It's a long way to the ass-end of the Delta: Greenville. It's on the Arkansas border, right on the Mississippi River, and it's a solid four hours from me. I didn't take any pictures, but I can recommend a visit to the Greenville Arts Council to visit their gallery, and their freshly restored, century-old carousel, which is just gorgeous. It's been restored to function, but it's only open a few hours a day.
On Friday night, I ate at Fermo's, which had fantastic eggplant parmesan, a civilized wine list, and home-made fried cheese that was spectacular (not that Sysco fried-cheese-stick stuff). Alas, it being a small town, they were vacuuming and stacking chairs at 9:fucking:20 PM, while we were still seated. Tres gauche.
On my way out of town, I took a ride over to see the new - but not yet open - Greenville Bridge over the Mississippi. It's a fine-looking bridge. The old bridge is a fairly alarming, narrow, two-laned thing. I'd bet it's an old WPA project, it's that narrow. Nonetheless, it gives a great view of the new bridge, and the river really is gorgeous there. It being the Delta, the river is not controlled by levees. This allows for river expansion and silt spread, which is the reason for that rich dark farming ground all over the Delta. Corn, soybeans, and catfish farms are your main scenery up Highway 49W and across 82. It's okay for a while, but then it just gets boring.
Greenville is a bit grim in that broke-down southern town way, but the Arts Council is doing a good job of keeping the community filled with theater, visual arts, and so forth. Some of the older houses are being kept up, but a lot of houses with amazing bones are being let go to hell.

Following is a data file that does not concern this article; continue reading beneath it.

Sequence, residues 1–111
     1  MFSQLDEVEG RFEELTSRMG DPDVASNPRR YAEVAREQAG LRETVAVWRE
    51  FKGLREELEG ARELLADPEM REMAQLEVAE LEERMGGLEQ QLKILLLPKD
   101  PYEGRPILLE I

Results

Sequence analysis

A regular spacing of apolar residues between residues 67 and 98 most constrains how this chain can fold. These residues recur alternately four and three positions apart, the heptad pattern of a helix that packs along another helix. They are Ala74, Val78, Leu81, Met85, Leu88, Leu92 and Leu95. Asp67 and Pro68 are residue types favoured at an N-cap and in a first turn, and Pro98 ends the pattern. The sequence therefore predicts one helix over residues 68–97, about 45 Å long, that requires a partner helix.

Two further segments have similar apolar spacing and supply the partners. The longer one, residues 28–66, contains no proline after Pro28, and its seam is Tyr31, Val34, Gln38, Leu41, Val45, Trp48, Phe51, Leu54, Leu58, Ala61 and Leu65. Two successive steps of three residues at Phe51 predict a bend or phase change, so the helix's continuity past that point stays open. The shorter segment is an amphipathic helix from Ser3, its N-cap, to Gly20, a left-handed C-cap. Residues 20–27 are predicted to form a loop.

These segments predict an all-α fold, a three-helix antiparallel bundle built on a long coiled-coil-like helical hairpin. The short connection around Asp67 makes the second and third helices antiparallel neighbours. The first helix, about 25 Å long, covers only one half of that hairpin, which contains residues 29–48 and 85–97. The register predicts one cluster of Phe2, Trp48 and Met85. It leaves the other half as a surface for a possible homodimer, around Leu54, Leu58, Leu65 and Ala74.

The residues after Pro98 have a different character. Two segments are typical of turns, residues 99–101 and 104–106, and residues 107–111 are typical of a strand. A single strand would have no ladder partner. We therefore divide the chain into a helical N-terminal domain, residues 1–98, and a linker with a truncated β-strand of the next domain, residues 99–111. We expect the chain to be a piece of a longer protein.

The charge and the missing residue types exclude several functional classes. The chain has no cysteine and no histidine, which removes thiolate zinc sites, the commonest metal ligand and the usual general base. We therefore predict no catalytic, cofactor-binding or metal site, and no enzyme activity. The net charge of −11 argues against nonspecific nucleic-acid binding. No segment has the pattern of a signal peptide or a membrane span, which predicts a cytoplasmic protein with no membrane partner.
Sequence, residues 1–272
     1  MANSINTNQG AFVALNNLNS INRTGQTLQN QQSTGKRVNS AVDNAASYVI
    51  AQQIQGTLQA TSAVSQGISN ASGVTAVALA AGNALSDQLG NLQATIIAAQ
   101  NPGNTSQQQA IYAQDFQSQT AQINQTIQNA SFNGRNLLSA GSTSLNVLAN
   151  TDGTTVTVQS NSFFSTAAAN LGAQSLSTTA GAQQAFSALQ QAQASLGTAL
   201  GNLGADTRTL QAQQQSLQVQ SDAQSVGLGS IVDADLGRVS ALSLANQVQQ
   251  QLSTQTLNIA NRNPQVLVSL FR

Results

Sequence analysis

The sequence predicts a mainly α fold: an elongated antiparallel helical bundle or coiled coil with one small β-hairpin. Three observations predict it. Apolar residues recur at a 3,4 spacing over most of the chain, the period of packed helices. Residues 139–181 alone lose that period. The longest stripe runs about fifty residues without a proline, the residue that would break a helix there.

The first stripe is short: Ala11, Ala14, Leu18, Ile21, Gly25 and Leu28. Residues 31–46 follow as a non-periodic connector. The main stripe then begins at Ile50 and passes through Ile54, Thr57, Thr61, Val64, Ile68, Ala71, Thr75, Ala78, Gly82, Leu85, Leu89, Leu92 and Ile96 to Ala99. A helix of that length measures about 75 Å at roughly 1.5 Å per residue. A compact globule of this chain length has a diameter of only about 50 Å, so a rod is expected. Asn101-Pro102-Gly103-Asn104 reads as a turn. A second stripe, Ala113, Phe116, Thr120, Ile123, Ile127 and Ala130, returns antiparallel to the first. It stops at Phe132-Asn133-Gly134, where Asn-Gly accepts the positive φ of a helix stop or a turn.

Greenville does have a real live independent bookstore, the McCormick Book Inn. Their emphasis is Mississippi writers and info, plus they have a big children's section. The back room is a kind of de facto Greenville History Museum, featuring books, postcards, and memorabilia from the town. I wanted to have a chat with the owner about the damaging effects of flourescent light on vintage paper & photographs, but I decided to let it be. He's doing a community service by keeping that stuff in his commercial establishment as it is.
Greenville, by the way, has brown water. When I checked into my hotel, I thought someone had left piss in the toilet. Seriously. Turns out the water is brown everywhere, and they claim it's perfectly safe, and there are signs in every single bathroom in town addressing the issue. Ooookay, whatever. It kind of freaked me out.
On my way home I stopped in Leland to visit the Highway 61 Blues Museum. I'll be honest with you: those guys NEED your five bucks. They've got memorabilia, a temporary exhibit of blues musician photos - a lot of Son Thomas and BB King - and I hear their festival is quite fine. Why do they need your five bucks? Because, holy crap, they need some damn air conditioning. Whew. They do have good t-shirts and posters, and they're doing a decent job considering their limited resources. I do believe you would find some truly down-home Delta Blues jam sessions there during festival weekend, if you can take the heat.